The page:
In June 2006, the following article appeared on the ARRL (American Radio Relay League) web site...complete with a small image of that old QSL card (!). There is a new one coming, but for now there are other South Pole QSL cards around, I have updated the most complete collection of them here.
KC4AAA at Amundsen-Scott South Pole Station, Antarctica, has announced plans to participate in ARRL Field Day 2006. The station's Satellite Communications Technician Robert Reynolds, N0QFQ, will head up the effort. Operations from KC4AAA will commence at 1800 UTC on June 24 and continue through 2100 UTC on June 25.
Experience has shown that the best opportunity for North and South American stations to contact KC4AAA appears around 2300 UTC on the Eastern Seaboard, moving westward with time until the window closes around 0400 UTC. Given South Pole's location right under the auroral oval, propagation can make South Pole intercontinental HF radio communications a challenge, so listen carefully!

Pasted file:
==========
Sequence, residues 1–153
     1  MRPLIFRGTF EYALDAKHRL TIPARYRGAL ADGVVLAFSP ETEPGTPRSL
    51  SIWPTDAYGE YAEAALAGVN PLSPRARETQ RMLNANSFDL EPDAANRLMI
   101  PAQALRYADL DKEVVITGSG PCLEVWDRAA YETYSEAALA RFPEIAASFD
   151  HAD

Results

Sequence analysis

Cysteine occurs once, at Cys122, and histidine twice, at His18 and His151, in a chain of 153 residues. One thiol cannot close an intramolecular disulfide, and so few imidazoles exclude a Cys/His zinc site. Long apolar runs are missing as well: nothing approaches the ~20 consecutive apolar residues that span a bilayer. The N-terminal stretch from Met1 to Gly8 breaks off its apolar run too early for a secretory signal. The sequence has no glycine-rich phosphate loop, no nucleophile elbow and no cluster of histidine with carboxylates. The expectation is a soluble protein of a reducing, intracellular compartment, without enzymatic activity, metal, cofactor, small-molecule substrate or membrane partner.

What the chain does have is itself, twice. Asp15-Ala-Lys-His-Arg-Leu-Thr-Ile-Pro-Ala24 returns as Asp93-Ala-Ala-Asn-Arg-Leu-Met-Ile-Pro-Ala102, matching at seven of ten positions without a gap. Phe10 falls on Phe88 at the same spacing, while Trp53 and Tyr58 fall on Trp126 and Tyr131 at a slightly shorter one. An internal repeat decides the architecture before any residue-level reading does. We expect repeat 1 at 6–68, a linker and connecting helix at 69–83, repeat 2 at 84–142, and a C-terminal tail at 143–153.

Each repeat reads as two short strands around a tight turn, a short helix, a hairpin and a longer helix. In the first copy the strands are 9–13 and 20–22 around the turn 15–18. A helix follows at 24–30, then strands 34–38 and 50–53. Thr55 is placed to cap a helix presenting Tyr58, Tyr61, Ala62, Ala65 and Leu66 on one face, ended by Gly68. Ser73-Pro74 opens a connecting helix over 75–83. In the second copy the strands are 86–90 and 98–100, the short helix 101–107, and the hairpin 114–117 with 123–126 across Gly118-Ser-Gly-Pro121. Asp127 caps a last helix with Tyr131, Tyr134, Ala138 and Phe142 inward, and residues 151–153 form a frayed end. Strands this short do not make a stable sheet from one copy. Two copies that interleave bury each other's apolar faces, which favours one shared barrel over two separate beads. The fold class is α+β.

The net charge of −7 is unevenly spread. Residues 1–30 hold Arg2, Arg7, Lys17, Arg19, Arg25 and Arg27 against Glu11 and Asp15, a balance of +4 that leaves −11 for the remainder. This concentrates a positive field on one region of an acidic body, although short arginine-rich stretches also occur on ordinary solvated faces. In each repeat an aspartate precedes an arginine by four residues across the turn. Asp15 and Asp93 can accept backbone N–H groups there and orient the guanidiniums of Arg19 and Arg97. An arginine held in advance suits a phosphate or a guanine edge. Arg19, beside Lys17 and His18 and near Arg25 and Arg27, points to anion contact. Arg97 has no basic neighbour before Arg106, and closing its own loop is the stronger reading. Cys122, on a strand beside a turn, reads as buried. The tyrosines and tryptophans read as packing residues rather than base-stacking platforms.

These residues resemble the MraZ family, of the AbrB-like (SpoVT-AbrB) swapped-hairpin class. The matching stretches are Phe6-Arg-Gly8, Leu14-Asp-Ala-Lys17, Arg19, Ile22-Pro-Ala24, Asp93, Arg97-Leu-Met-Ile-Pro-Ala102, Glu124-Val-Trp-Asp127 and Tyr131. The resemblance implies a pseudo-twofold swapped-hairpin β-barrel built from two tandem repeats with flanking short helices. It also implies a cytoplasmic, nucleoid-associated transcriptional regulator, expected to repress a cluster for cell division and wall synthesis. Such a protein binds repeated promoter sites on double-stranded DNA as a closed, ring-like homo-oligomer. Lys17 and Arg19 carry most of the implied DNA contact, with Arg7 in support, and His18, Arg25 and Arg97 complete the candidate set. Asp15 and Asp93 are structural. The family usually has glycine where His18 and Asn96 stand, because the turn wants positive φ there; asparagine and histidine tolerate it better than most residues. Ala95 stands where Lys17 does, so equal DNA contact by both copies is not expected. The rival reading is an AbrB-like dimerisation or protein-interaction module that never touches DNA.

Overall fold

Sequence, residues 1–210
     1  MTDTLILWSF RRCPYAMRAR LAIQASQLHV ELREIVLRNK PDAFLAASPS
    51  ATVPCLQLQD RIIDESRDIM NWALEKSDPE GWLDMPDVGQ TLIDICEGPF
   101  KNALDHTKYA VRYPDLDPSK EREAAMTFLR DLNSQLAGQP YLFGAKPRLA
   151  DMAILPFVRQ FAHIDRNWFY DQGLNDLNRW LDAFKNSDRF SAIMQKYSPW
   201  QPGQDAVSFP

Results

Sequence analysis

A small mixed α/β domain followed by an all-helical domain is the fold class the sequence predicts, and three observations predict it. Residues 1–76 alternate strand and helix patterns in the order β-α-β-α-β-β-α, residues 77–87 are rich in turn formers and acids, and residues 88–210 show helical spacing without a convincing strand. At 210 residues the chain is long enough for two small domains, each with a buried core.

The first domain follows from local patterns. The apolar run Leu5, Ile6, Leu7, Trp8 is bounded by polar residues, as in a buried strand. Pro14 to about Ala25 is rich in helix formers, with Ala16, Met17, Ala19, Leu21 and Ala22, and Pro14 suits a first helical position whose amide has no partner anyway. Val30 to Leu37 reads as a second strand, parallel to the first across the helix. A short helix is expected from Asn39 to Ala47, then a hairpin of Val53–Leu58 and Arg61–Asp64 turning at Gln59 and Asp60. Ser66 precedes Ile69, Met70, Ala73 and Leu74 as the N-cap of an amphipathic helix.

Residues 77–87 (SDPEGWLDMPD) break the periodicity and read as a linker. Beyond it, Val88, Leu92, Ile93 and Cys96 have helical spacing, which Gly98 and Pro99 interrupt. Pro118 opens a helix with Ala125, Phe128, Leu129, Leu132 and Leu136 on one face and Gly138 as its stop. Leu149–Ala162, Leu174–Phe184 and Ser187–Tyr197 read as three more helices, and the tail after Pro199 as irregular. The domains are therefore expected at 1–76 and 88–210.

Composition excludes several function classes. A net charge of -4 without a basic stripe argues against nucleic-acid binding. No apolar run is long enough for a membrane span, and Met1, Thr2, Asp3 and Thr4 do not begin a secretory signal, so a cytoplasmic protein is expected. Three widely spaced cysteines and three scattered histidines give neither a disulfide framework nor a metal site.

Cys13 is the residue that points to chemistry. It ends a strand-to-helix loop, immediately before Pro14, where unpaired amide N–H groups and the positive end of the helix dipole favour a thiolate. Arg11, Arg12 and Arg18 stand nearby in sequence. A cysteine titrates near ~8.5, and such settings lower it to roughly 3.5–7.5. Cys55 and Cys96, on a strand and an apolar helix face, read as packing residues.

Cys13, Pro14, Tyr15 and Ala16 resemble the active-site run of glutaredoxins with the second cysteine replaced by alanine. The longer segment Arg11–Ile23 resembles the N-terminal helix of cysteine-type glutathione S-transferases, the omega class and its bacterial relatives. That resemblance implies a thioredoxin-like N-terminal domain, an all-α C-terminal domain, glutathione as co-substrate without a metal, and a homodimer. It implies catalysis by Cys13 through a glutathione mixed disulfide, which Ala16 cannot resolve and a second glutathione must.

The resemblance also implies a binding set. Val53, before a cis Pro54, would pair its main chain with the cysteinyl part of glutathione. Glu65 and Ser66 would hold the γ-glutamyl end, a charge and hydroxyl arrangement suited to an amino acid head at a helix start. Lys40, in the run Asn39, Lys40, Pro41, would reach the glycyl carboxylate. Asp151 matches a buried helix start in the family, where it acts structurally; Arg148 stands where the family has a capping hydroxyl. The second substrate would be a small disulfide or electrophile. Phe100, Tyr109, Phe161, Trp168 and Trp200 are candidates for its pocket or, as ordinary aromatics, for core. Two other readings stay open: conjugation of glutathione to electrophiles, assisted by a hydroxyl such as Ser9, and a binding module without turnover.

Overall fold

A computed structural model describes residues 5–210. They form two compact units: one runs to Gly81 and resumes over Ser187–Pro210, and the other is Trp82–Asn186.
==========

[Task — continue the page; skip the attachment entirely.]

The primary operating frequency will be on or about 14.243 MHz. KC4AAA operators will monitor and exploit other bands, but 20 meter SSB will be the primary operating mode.
South Pole will operate as a "home" station with supplied power (Class 1D). Reynolds plans to have a team of up to 10 operators staffing the station, most of whom are in a ham radio licensing class at the station. KC4AAA will be running 1 kW and will mainly use a pair of log-periodic antennas aimed toward the US.
KC4AAA plans to upload its Field Day log to Logbook of The World (LoTW). QSL cards will go out later in the year. For more information, contact Nick Powell, NH6ON, nick.powell at usap dot gov.
Above is a group of the participants, courtesy of Erik Kawasaki, who reported that propagation was no help.